dragged off in shiploads for very little in return. The Papuans just had to obey the
rules of the authoritarian Indonesian state, and manifestations of having a
national identity of their own were forbidden right away.
The first lethal incidents took place in early December, when Papuan leaders
wanted to celebrate the first anniversary of the hoisting of their own flag a year
before. They not only were confronted with a veto from the United Nations
Administration, but also with strong reactions from the Indonesian military. As a
result, about 50 students took refuge in TPNG, but they were sent back at once
by the Australian administration that was not out for trouble with its new
neighbours on the western half of the island. Upon their return to Hollandia they
were thrown in jail and tortured. It was the opening shot of a reign of terror that
was to deepen in the years to come.
Under these conditions the honest Act of Free Choice ‘in accordance with
international practice’, as promised in the New York Agreement, was unlikely
right from the start. That became clear when a delegation of the National Papua
Congress led by Herman Wajoi arrived in Jakarta on 30 September for a first
encounter with the new masters. They were welcomed by a number of cabinet
members, including General Nasution and Minister Subandrio. The Papuans
brought with them a proposal for a plebiscite on self determination to be held in
May 1963, when the Dutch would have withdrawn completely. This proposal can
be regarded as being in line more or less with the decision of the National
Congress the week before. Subandrio flatly refused to discuss it, ‘since it might  lower our prestige’. He explained to his guests that the Indonesians had not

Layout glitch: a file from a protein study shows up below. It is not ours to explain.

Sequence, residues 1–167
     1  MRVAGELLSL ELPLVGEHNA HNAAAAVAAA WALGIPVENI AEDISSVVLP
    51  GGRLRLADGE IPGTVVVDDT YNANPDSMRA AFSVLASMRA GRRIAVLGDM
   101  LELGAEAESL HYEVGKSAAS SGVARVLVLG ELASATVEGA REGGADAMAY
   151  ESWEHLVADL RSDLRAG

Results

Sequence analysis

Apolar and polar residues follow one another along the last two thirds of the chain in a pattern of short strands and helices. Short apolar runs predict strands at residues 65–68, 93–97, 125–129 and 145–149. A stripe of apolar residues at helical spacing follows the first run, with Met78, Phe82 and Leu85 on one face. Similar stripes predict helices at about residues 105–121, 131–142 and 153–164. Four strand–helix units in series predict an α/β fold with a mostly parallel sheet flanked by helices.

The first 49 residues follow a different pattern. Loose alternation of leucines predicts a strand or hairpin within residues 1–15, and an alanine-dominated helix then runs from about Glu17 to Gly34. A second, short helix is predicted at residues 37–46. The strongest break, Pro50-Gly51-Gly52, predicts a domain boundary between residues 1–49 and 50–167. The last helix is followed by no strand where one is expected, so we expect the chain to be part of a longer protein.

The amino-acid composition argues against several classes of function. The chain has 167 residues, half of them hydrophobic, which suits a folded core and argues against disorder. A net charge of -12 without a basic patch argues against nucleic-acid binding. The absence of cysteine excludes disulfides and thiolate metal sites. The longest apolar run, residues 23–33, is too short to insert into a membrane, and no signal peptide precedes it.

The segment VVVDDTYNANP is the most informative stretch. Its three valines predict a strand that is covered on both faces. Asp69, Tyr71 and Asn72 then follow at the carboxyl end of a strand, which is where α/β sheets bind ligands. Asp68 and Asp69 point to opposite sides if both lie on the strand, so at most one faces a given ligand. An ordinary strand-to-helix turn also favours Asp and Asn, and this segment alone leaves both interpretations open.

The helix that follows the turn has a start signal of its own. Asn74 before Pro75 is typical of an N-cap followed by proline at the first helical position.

fought for West Irian – as the country was to be called – because they needed it,
but because for them it was a matter of principle. He further elaborated on ‘time
bombs, left behind by the Dutch’. Now the Proclamation of 17 August 1945, the
sacrosanct cornerstone of the Indonesian state, was prominent on the table
again and the delegates from Papua felt in no position to press for further
discussion. The remark of Subandrio also made it clear to them that the transfer
of Papua to Indonesia had nothing to do with Papuans. During the rest of their
stay in Indonesia Wajoi continued to act as the main spokesmen of the group,
but his public statements were fully in line with what his hosts might have
expected from him. It always came down to the same thing: the United Nations
should go home at once, and there was no need for an Act of Free Choice either.
It must be noted that after their return to Hollandia (which at this point was known as Sukarnopura, later to become Jayapura) most members of the delegation reported to their Dutch friends that they had been forced by the Indonesians to make such statements.
Thus an anti-plebiscite campaign was started up with Herman Wajoi in the
leading role. From this time on the Australian embassy in Jakarta came to speak
of him as ‘the leading sycophant‘. Back in Hollandia he was joined by a few
others. Most prominent among them were Frits Kirihio and Lukas Rumkorem,
who now fully sided with Indonesia, a postition which after all reflected the first
half of the decisions made by the Papua Congress. The other half, however,